SunAsia, partner earmark P400M for 4 solar power projects

A+
A
A-

SunAsia Energy Inc., in partnership with German solar firm Mp-tec GmbH and Co. KG, is spending about P400 million to put up solar power facilities in remote, off-grid areas in the country.

In a briefing on Tuesday night, SunAsia Energy chairman Noel Cariño said the company was embarking on four solar power projects that could generate up to a total of 22 megawatts for remote areas in Palawan, Aklan and Mindoro.

These projects will likely be financed partly by SunAsia’s foreign equity partners including Mp-tec and the Export-Import Bank of the United States, he said.

According to Cariño, the planned solar projects can be completed as early as next year. The electric cooperatives in the three target provinces are expected to be the buyers of the power to be generated by the proposed facilities.

SunAsia president Theresa Cruz-Capellan, meanwhile, noted that the company’s vision was to help provide adequate and affordable electricity supply in off-grid areas, which were being serviced by the Small Power Utilities Group (SPUG) of state-run National Power Corp. (Napocor).

The electricity in these areas is generated mostly by diesel-fed plants, thus making power more expensive and vulnerable to global oil price volatility and supply disruptions.

SunAsia Energy is an independent solar power producer that makes use of German technology in rooftop installation and megawatt-size solar power plant construction and operations.

In an interview with reporters, Mp-tec founder and CEO Michael Preißel, who was in Manila for the launching of SunAsia Energy, said the German firm would be bringing its solar expertise to the Philippines.

Preißel noted that solar power is the right solution for the Philippines given the rising electricity requirements of about 100 million Filipinos and the high irradiation index of the country, which makes it suitable for solar power generation.

“Believing in the power of the sun, SunAsia Energy deploys state-of-the-art technology solutions in homes, business and industries, located in urban centers and geographically dispersed off-grid communities,” the company said.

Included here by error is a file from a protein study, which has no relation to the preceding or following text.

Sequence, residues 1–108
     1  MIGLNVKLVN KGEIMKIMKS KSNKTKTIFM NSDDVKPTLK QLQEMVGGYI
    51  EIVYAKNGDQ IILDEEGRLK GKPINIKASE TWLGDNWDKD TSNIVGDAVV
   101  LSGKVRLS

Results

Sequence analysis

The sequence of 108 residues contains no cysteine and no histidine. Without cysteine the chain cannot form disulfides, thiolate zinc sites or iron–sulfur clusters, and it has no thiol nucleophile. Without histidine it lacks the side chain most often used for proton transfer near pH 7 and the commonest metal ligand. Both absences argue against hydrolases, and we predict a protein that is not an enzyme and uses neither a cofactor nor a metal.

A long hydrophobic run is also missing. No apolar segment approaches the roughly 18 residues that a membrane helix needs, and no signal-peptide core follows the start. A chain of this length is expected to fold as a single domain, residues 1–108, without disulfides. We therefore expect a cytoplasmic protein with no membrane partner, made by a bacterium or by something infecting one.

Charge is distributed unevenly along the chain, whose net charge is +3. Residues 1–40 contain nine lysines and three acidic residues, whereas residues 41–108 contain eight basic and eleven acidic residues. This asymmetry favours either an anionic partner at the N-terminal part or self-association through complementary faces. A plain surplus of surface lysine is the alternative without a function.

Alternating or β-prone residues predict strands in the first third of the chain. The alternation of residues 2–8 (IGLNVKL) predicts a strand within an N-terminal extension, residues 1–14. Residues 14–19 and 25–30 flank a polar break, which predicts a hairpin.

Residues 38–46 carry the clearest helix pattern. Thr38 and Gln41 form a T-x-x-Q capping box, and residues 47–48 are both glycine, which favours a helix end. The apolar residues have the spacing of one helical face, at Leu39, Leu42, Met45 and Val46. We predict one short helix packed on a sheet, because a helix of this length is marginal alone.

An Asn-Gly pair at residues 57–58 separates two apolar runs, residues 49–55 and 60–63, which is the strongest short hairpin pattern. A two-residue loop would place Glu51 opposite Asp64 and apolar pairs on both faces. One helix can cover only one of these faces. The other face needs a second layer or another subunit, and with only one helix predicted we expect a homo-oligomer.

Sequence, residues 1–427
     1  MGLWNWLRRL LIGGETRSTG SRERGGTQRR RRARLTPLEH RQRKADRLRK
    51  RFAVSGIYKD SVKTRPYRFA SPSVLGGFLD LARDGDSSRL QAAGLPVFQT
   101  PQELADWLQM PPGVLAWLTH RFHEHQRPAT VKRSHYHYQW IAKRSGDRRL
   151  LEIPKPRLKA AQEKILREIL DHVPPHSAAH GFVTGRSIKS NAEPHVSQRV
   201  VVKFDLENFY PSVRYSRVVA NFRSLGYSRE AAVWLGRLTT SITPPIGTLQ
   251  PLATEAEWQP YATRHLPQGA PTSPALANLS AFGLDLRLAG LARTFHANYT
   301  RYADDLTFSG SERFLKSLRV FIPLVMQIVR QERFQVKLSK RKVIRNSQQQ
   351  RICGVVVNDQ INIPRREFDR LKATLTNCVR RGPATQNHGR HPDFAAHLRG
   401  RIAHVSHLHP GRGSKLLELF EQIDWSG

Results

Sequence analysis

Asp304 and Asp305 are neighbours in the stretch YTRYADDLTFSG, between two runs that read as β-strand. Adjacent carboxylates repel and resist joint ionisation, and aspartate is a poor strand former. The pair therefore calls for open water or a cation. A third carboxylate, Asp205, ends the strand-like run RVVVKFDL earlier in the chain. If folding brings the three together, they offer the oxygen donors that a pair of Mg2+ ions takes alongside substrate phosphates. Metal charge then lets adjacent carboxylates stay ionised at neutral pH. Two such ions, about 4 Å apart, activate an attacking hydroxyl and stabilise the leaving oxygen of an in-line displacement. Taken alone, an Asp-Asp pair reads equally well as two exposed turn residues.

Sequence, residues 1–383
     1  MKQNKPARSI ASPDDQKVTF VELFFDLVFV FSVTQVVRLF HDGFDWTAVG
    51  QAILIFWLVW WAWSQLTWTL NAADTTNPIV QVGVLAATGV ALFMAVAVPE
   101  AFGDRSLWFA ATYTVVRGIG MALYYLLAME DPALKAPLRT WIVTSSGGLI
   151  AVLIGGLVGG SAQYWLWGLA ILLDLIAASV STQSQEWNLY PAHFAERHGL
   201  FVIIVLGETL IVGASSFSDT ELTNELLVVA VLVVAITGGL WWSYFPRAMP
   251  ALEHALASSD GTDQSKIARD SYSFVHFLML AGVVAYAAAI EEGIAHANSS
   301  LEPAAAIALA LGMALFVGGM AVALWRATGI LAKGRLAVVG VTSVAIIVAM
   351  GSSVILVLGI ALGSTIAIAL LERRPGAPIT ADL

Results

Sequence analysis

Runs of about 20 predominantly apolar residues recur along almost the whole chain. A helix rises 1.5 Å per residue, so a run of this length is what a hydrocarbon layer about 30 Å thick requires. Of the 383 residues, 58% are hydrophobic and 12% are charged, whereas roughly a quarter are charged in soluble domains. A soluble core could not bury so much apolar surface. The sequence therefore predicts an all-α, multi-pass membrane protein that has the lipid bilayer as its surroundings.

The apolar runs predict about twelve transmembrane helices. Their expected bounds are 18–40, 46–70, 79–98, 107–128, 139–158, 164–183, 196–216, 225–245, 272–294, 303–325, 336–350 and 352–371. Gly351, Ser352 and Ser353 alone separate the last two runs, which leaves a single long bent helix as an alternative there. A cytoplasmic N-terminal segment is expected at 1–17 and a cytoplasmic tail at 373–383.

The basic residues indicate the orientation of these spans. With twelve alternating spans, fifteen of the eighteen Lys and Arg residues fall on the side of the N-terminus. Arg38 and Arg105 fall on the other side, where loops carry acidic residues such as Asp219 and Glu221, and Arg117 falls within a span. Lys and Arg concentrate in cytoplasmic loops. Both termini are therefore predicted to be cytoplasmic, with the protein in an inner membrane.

Disclaimer: The comments uploaded on this site do not necessarily represent or reflect the views of management and owner of INQUIRER.net. We reserve the right to exclude comments that we deem to be inconsistent with our editorial standards.

  • noynoyingalways

    SOLAR power is not a viable business – due to its cost etc… =) Learn from what happened in the U.S. considering that they have the capability and resources including the customers to pay for the generation fee etc…  big Solar companies are closing down… almost all of them is already closed down (U.S.)

To subscribe to the Philippine Daily Inquirer newspaper in the Philippines, call +63 2 896-6000 for Metro Manila and Metro Cebu or email your subscription request here.

Factual errors? Contact the Philippine Daily Inquirer's day desk. Believe this article violates journalistic ethics? Contact the Inquirer's Reader's Advocate. Or write The Readers' Advocate:

c/o Philippine Daily Inquirer Chino Roces Avenue corner Yague and Mascardo Streets, Makati City,Metro Manila, Philippines Or fax nos. +63 2 8974793 to 94

editors' picks

advertisement
advertisement